This abolishes the previous band from €15 – 28,000 which was taxed at 25%, which will result in a net saving for someone with an income of €28,000 of €260 per annum. Don’t get too excited though, because if you have an income above €50,000, the reduction in IRPEF rates is offset by the withdrawal of certain tax breaks, which could lead to you paying the same amount as before.
2024 introduces a modified formulation of the definition of tax residency, in particular through Art. 2 of the TUIR (the Italian tax code). Without getting too deeply into the details, the emphasis seems to have moved from a strict presumption based on whether you have, in fact, declared residency in your local municipality to one based more generally on your physical presence and an evolved conception of domicile. Not much will change for you if you live year round in Italy and are already used to filing tax returns, but if, for example, you have made a determination that you aren’t tax resident in Italy in spite of the fact that you spend a large amount of time here, it would be a good idea to review your position to make sure that it is (relatively) clear under the modified formulation. The changes also need to be considered in the light of any double tax agreements and, from what I have been reading, even the experts are confused about what all this will mean in practice. None of the above is helped by the fact that the Agenzia will not give an advance ruling on whether a given individual is tax resident or not – they will tell you what they think if they ever subject you to an audit!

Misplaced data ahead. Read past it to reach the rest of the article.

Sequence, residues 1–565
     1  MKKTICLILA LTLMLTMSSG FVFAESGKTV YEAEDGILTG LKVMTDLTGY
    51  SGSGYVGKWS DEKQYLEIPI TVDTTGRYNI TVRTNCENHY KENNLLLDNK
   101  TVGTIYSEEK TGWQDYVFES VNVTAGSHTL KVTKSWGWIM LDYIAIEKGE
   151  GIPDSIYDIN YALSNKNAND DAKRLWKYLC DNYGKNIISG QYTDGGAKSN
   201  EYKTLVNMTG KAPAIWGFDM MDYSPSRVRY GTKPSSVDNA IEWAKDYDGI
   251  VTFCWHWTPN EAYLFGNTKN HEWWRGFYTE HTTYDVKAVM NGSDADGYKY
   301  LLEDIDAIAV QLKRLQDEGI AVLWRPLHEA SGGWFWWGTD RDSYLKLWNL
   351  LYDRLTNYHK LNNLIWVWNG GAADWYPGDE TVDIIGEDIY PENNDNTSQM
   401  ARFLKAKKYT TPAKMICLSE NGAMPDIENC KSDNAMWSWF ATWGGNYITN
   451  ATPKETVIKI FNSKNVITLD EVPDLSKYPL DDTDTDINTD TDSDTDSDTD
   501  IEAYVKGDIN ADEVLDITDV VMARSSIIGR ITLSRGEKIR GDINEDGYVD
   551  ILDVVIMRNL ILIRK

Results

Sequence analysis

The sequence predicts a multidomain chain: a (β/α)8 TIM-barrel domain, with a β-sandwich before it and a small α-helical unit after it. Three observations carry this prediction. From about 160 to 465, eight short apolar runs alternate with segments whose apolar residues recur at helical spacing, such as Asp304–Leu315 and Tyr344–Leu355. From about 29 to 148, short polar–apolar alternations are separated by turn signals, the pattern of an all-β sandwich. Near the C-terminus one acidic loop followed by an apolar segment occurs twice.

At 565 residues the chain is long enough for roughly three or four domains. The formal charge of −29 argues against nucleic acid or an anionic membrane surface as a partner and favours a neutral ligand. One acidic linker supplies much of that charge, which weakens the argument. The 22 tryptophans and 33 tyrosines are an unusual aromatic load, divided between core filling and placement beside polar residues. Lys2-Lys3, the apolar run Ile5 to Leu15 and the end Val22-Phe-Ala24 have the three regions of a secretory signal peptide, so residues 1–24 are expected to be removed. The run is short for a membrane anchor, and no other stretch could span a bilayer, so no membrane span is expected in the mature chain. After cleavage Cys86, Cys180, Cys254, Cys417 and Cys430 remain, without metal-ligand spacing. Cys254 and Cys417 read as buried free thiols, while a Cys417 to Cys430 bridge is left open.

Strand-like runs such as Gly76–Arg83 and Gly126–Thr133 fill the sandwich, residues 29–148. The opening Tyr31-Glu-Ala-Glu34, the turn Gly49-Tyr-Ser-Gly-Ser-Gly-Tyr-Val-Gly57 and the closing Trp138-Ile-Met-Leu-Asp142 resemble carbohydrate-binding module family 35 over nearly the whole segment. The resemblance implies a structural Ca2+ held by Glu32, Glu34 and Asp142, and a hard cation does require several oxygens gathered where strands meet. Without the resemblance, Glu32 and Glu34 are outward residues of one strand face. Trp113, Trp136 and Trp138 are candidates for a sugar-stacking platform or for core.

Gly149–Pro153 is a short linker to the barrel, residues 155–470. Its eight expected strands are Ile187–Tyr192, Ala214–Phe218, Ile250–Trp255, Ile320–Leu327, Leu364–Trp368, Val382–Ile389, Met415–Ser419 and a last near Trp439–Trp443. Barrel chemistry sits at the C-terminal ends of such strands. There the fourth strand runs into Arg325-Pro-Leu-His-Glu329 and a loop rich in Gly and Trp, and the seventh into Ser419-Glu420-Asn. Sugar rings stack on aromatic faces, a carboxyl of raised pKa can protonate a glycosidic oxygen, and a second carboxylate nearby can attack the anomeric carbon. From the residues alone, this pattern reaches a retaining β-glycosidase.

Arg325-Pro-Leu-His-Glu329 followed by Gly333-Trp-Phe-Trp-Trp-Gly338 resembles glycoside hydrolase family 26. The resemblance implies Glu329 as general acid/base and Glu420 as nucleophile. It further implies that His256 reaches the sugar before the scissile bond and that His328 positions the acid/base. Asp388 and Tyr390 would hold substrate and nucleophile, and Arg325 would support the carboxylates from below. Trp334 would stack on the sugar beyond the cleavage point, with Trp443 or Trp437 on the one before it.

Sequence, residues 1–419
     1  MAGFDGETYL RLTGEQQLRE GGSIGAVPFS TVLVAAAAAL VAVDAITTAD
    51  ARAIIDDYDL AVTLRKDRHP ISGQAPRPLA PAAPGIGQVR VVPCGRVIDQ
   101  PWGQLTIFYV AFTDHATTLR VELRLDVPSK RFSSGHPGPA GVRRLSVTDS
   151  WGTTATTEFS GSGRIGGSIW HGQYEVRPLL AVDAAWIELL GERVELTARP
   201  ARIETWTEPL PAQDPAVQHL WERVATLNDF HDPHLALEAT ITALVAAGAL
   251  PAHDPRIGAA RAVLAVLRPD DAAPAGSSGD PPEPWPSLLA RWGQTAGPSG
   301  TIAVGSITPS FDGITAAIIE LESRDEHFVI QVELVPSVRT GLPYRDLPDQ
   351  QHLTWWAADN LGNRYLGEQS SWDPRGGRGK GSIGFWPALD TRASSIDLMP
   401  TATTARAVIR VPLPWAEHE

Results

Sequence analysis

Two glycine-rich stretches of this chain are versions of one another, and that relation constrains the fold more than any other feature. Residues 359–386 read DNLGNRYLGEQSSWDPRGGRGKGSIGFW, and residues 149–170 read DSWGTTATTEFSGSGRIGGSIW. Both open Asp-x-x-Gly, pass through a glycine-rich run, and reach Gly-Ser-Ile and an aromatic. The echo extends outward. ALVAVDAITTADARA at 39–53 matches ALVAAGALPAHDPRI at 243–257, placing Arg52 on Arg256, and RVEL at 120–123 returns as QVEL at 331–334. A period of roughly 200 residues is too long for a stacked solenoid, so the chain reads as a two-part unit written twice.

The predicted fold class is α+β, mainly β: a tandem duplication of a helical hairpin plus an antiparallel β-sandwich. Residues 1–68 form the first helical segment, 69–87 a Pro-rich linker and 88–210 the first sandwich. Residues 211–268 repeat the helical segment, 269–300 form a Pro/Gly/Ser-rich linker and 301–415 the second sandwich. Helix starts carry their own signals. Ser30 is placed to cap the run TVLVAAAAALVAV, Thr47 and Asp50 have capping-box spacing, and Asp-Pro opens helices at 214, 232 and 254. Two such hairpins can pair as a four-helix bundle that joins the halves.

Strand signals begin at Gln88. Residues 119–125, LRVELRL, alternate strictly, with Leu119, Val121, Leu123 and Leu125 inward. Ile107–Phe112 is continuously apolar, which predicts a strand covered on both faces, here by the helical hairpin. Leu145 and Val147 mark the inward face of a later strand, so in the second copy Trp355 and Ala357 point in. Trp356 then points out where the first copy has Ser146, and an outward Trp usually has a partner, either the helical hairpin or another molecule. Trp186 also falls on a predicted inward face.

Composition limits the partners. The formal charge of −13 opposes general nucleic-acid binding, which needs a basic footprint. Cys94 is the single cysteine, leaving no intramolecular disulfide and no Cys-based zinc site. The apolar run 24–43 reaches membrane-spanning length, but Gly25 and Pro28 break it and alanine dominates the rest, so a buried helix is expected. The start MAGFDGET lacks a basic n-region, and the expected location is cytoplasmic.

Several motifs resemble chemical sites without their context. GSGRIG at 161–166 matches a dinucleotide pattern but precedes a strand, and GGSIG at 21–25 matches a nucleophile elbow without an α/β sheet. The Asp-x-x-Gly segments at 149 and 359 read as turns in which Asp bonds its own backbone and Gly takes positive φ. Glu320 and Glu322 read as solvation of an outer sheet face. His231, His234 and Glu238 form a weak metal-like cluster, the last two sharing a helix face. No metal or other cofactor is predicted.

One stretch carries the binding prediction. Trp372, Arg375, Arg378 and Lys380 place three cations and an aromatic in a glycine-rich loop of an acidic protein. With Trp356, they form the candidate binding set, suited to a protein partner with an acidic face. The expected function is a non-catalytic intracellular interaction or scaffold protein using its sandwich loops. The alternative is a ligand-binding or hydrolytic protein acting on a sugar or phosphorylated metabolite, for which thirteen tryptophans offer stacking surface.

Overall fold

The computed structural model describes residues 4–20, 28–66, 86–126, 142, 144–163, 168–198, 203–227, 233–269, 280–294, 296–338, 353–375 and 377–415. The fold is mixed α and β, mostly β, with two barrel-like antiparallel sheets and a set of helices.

Careful planning and prudence remain key to protecting your position, so do get in touch if you would like to discuss further, as I can provide an introduction to an experienced tax adviser as part of an overall review of your financial situation.
Inbound Workers Incentive
Those who took up residency before the end of 2023 can continue to use the previous rules, which are far more generous than the updated version, in force from the beginning of 2024.
The incentive currently available is reduced from the previous 70 – 90% income tax reduction to a 50% reduction, capped at an annual gross income of €600,000. The requirement for the time spent as non-resident of Italy prior to making use of the incentive has been increased to 3 years, (or 6 – 7 years if there is continuity in the employment relationship). There is also an increased requirement to maintain Italian residency for 4 years (previously 2), and a requirement for a high level of specialisation in the qualifications necessary for the job in question.
Given the growing complexity of the requirements, it is worth spending some time assessing your personal situation if you are considering making use of these incentives. It is also worth noting that the incentives do not apply to pension contributions, which may reduce considerably the value of the tax break for anyone not planning on being resident in Italy for the long-term.
It is worth reminding anyone making use of these incentives that they apply only to work income; any investments or passive income generated must be declared and taxed according to the ordinary rules. There are plenty of tax planning opportunities available for people transferring residency to Italy, so please do get in touch to discuss your own particular situation – it is never too early to start this process, as a number of potential tax efficiencies are lost if they are not put in motion before becoming Italian tax resident.